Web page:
I feel my heart beating faster as my mind rummages through various childhood memories.
Just a minute ago, everyone at my team offsite was asked by the facilitator to share one childhood story that’s significant. As people went around the room, I tried hard to concentrate in the moment so I could listen to what others had to say. However, different scenes rotated past me, waiting to be picked, as if I were standing in front of a luggage carousel.
Even though I am a relatively new addition to this team and one of the few people of color, this group has made me feel at home. Our desks sit in close proximity to each other in a typical tech work space. We chit chat, sometimes about the weather, sometimes about our weekends. Yet, I understand the power of storytelling. I know that moments like these are valuable, and rare, because you can really learn about someone. In my line of work as an equal rights advocate in corporate America, intimate learnings can pull you significantly closer to the other person. If the moment’s used right, acquaintances can become friends; friends can become allies.
What should I share? What can I share? Most importantly, what do I want my coworkers to see about me?
Do I share that growing up, in typical immigrant fashion, my brother and I lived apart from my parents for many years? The main method of communication with my parents was through pages of fax that we would exchange. Despite the demanding small business that my parents ran, my mother poured her heart into these faxes long past midnight because they were her way of communicating, to the best of her ability, that I am her daughter and that I am loved from far away.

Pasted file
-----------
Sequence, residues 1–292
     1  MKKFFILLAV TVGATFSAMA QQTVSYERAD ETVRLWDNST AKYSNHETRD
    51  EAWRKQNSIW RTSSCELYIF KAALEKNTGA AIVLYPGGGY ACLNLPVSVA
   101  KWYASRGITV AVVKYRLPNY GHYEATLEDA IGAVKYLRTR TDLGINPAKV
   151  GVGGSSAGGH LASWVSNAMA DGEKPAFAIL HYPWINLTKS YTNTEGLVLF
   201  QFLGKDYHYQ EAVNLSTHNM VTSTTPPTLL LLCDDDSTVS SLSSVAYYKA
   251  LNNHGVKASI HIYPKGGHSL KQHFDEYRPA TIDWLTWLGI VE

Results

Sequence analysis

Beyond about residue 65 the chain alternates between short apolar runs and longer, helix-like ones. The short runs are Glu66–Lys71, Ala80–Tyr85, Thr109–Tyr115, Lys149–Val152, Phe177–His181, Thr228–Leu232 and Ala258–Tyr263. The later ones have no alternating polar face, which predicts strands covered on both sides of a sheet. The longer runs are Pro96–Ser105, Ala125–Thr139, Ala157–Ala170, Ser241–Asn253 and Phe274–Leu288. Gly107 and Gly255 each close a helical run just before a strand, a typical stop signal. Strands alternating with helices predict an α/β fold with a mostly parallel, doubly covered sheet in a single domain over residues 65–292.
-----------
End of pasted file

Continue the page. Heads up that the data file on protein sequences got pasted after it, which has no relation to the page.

Do I talk about when I was catcalled on the street as a young blossoming woman? When I told my parents about the incident, they (over)reacted by silently handing me an oversized brown vest and suggested breast reduction as a solution rather than teaching me that the men’s behavior was unacceptable. Even though years later I cofounded www.ThickDumplingSkin.com, an online community space that addresses body image issues and eating disorders within the Asian American community, I still feel ashamed about my own body today.
Do I dare revisit the memory of the freckled blonde boy, who, outside of our school library in front of other children, told me, “You stupid Chinese. Go back to where you came from.” And how I spent the rest of that night writing in my diary about how I didn’t understand. I remember vividly that I scribbled down, in between tears, “Why would this boy say what he had said to me when we are all the same human beings and we bleed the same kind of blood.”
The above all happened when I was barely nine years old.
I went back and forth between those memories, and more. My heart beat doesn’t slow one bit.
I raised my hand and volunteered myself next.
I had no idea what I was going to say.